The Meaning of Life IS to have Purpose

“We make a living by what we get. We make a life by what we give.” – Winston Churchill

What is the meaning of life? Scientifically speaking, the “meaning” of life is to persist and evolve. Every organism has a drive for self-preservation. Every creature is genetically encoded to replicate, to evolve, and to persist. At the most basic level, that is the fundamental meaning or purpose of life – to live.

But that’s not the kind of “meaning” we’re talking about here. So again, what is the “meaning” of life? Humans have pondered this for thousands of years. It is the very thing that separates humans from other animals…the self-awareness necessary to ask this question.

If you search that question on the internet, you will get back over 2.3 billion results – a clear indication that there is no simple answer. Millions of blogs, articles, even books all claim they have an answer. Read through some of them and you’ll discover a wide range of answers. Some will tell you the meaning of life is to serve a higher power (clearly a spiritual perspective). Philosophers will tell you it’s to be happy (not a bad thought). Academics will tell you our very ability to process thought infers that the meaning of life is the pursuit of knowledge. Overachievers will tell you it is to be successful in whatever you do. And so on… you get the point.

With so many perspectives, it seems difficult to answer the question. But what if all of those were right? What if the meaning of life was to serve a higher purpose, or to be happy, or to pursue knowledge, or to be successful? What if the meaning of life came down to your perspective – to what’s important to you, individually?

You know what word would capture that? Purpose! What if the meaning of life is to HAVE PURPOSE? What if the meaning of life was defined by each of us based on what’s important to and resonates with us? If the very meaning of our existence was to find purpose in life.

While I believe each individual’s purpose should be unique and personal to them, there is an overwhelmingly common thread throughout the various definitions of “the meaning of life.” If you were to amass the entire universe of data on that subject – and the related concept of purpose – then analyze what ideas come up most often, it’s safe to say that being of service to others would be our front runner.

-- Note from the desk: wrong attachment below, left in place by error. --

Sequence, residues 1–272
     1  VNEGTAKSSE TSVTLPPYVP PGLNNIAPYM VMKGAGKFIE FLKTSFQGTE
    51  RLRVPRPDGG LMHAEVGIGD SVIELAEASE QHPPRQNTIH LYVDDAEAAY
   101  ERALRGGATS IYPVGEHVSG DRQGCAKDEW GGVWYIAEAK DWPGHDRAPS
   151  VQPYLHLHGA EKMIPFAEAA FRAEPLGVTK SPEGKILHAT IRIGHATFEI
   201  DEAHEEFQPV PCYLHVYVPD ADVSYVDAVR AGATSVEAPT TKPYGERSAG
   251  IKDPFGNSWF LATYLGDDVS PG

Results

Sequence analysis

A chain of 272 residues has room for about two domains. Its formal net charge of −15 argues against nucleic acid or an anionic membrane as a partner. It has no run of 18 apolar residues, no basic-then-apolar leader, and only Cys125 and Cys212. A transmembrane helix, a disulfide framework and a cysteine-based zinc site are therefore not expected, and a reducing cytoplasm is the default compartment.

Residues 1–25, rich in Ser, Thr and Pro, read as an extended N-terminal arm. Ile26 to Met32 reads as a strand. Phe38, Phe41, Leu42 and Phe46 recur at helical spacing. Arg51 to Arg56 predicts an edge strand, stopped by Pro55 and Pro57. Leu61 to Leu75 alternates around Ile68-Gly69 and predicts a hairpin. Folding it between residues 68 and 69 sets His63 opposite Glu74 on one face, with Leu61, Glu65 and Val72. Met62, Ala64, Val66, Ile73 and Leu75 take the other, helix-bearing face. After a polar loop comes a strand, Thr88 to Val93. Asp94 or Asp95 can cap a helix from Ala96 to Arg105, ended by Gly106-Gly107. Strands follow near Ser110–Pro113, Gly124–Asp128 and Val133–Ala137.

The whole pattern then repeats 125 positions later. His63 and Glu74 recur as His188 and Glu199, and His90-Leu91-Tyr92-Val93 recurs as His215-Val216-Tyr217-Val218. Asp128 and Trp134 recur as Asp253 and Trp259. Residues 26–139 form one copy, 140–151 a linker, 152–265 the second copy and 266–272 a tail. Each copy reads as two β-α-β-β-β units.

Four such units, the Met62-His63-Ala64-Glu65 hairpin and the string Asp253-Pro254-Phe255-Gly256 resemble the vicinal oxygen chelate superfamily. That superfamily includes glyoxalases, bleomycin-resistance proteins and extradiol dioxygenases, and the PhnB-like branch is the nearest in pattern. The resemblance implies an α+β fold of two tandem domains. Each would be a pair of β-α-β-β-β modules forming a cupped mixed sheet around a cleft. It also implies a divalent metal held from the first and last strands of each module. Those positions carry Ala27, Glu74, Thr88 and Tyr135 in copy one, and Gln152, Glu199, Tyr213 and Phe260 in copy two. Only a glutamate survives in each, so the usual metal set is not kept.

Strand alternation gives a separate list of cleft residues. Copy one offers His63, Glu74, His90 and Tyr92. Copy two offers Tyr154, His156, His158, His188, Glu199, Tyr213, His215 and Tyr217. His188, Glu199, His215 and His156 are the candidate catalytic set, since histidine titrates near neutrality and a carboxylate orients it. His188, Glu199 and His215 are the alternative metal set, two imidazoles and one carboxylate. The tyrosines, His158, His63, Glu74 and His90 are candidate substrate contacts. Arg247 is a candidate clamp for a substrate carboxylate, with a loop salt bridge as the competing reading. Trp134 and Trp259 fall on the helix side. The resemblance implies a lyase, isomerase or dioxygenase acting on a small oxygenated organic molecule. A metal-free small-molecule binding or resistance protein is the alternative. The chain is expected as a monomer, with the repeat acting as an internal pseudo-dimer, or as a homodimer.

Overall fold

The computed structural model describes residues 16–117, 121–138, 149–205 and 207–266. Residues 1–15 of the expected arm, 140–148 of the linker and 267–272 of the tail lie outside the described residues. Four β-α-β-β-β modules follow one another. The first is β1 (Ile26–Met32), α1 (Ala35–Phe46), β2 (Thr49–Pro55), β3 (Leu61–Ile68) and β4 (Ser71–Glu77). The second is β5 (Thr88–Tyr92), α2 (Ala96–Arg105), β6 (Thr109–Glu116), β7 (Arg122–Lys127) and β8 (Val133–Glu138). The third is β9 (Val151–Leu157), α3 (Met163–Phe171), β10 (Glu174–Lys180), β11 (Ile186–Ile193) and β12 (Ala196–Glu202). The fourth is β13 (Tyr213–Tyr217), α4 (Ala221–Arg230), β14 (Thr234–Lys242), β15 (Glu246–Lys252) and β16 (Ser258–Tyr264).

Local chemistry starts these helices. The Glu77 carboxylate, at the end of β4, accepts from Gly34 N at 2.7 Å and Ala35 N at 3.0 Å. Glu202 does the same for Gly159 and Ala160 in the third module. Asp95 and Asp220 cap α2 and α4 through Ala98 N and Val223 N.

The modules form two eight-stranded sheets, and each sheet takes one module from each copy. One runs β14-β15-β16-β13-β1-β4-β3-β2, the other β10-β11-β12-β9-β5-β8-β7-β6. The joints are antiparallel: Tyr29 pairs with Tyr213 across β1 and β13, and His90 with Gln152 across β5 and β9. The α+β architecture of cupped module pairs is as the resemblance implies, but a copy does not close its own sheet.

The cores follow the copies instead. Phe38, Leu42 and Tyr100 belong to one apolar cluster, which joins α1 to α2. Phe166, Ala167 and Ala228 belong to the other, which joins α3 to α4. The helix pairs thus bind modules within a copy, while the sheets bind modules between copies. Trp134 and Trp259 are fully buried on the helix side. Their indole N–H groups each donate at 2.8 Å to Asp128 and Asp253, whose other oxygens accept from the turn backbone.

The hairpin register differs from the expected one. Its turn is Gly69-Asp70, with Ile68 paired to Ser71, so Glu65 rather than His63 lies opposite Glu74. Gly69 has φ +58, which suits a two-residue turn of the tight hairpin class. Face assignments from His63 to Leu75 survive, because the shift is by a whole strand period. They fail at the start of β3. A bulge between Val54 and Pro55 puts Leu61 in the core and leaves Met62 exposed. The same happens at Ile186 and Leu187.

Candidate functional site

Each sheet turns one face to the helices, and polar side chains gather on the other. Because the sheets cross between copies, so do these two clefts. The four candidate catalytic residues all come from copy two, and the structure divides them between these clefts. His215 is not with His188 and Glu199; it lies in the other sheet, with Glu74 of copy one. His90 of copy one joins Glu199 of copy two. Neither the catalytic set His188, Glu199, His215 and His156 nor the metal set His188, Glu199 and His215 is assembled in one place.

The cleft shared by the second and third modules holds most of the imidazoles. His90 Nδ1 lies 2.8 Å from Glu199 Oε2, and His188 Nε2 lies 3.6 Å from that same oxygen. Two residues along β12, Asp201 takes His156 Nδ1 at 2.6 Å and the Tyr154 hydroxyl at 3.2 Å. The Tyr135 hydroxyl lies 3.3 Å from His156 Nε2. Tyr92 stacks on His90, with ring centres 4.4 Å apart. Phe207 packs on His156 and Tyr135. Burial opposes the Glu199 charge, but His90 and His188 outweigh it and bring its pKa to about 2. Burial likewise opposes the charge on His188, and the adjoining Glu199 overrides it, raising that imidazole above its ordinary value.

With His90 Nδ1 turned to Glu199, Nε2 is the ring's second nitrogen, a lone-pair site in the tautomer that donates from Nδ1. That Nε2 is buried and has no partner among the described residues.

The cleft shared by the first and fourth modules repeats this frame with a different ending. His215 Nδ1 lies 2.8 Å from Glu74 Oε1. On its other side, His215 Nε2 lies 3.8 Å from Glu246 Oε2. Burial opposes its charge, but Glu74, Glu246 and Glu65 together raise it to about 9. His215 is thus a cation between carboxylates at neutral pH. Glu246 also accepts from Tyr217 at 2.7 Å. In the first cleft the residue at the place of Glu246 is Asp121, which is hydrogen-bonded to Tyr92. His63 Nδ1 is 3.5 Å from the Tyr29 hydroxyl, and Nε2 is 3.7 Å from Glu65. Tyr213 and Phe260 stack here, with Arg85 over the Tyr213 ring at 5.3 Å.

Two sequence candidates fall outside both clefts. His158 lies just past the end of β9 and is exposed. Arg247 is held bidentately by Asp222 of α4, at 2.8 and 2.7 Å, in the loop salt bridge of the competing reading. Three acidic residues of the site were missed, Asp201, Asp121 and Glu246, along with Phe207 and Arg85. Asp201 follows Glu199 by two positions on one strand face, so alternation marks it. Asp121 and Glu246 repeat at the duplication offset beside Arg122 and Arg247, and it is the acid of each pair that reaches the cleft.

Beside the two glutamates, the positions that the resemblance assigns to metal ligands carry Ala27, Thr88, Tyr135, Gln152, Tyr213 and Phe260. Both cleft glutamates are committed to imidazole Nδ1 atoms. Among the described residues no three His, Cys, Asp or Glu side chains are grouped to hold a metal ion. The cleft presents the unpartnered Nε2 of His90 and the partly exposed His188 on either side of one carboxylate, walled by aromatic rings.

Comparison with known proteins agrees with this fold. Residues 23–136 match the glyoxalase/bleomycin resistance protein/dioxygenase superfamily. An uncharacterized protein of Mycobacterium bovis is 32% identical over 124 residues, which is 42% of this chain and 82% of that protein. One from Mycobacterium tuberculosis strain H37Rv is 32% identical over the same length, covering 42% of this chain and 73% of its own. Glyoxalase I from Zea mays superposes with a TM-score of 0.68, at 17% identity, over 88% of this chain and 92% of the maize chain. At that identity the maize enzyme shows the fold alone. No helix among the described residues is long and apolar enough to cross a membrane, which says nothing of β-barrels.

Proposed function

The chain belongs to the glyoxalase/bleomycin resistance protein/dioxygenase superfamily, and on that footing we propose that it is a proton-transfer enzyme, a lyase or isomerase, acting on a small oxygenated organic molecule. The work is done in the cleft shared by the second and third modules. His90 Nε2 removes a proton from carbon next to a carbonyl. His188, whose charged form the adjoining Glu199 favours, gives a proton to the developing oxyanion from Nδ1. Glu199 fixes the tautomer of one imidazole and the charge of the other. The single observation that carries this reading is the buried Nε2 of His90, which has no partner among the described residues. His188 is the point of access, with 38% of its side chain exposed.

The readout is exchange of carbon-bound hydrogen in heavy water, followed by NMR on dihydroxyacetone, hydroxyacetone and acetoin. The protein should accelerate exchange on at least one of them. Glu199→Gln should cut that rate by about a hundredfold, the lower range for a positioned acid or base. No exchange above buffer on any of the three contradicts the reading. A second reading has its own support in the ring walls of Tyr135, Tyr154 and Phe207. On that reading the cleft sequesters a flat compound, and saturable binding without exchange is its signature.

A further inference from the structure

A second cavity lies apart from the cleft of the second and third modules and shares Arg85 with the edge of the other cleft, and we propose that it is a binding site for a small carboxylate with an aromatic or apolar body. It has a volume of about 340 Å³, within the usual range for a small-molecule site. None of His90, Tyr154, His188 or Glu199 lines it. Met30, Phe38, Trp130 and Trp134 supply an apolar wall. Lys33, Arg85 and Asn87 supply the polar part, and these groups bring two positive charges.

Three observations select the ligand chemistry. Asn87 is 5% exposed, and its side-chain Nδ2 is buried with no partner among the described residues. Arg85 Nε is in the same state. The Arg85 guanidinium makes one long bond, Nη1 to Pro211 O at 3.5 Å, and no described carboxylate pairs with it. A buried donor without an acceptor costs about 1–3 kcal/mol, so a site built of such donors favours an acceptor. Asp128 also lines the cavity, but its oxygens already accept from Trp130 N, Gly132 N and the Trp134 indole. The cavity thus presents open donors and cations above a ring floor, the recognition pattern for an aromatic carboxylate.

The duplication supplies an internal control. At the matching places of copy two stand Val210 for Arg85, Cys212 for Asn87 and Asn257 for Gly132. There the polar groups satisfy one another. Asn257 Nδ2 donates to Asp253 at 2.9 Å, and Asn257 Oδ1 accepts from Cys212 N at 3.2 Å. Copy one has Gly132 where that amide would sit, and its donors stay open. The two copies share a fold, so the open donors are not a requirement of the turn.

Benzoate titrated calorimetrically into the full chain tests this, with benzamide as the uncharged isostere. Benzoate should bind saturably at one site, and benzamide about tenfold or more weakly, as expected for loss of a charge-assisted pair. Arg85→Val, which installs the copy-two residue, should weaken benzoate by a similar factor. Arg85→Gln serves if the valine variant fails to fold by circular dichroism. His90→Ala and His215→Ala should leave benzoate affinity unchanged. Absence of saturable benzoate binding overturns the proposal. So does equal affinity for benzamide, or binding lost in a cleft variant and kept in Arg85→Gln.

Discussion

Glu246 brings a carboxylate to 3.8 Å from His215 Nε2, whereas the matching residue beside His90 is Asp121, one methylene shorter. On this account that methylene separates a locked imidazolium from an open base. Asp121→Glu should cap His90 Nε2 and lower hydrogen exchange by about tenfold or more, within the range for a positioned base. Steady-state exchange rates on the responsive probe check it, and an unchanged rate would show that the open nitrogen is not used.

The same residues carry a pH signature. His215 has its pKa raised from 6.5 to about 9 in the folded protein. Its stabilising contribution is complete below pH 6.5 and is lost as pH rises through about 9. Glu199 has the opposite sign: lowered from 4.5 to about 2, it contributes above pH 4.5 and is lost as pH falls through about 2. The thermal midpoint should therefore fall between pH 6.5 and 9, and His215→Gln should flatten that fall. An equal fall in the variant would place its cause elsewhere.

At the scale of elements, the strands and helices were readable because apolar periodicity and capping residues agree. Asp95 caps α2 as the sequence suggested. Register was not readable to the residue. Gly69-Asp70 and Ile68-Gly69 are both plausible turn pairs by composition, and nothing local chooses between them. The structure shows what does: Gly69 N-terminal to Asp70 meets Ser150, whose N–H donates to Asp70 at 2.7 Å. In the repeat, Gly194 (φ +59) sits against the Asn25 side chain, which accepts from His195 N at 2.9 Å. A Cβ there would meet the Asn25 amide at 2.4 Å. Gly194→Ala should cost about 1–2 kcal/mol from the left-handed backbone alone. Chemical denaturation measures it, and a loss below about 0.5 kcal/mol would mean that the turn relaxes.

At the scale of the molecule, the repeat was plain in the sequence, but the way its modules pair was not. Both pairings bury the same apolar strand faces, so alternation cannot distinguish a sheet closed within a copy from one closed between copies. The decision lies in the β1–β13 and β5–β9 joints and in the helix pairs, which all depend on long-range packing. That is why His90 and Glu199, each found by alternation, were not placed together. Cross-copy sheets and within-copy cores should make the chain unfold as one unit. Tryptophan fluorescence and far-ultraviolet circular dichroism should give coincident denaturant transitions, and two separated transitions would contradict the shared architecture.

On a personal level, age and wisdom have allowed me to define that purpose clearly. For me, I find purpose in the giving of myself to my family and my friends. I find the more I focus on living, being present, sharing, and serving others, the more meaning my life takes on. But that’s mine – and I’m sure each of us define and pursue our own purpose in unique and personal ways.

Which brings me full circle back to Winston Churchill’s quote – “We make a living by what we get. We make a life by what we give.”

I think he’s right, but I think we can do better. Why can’t making a living also have purpose? Why can’t we make a living and a life by what we give? Just like the scientific definition suggests, as humans we have evolved over time, and that evolution has given us a different understanding of the value and importance of human life. But it has also given us an understanding of the importance of environment and society, of taking care of both ourselves and others.

Today, the importance of purpose has extended beyond the personal search for meaning. Organizations and businesses alike are waking up to its essential nature and are beginning to shape their existence by more than just a business plan or a strategy. They are beginning to recognize that, if they are to attract and energize the RIGHT people whom they need to produce exceptional results, they also must have purpose. As it turns out, a shared purpose is the difference between good and great.

So, since purpose is individual in nature, the challenge for organizations lies in attracting those with similar core beliefs and motivations. Sometimes the organization’s mission alone is enough to serve that end such as in non-profits and community service. In that instance, likeminded, altruistically inclined people naturally gravitate to the organization and its mission.

In the case of most businesses, however, a bit of introspection and re-evaluation is required to define the difference they are trying to make in the world. And the work doesn’t end there. A culture that supports that purpose and attracts “true believers” must be built and preserved. That culture must also be roomy enough for varied individual expressions of that shared belief to work purposefully together. It’s a very simple concept that isn’t necessarily easy to implement. But, when it’s done right, amazing things happen.

For instance, at Genuent we are in the business of helping people connect with worthwhile, rewarding, and lucrative work while supplying hiring managers and their businesses the team members they need to succeed. For us, it’s no huge leap to a defined, shared purpose. We make a difference in the lives of real human beings every day.

So, if the meaning of your life is TO HAVE PURPOSE, the meaning of your work should also have purpose. What’s yours?

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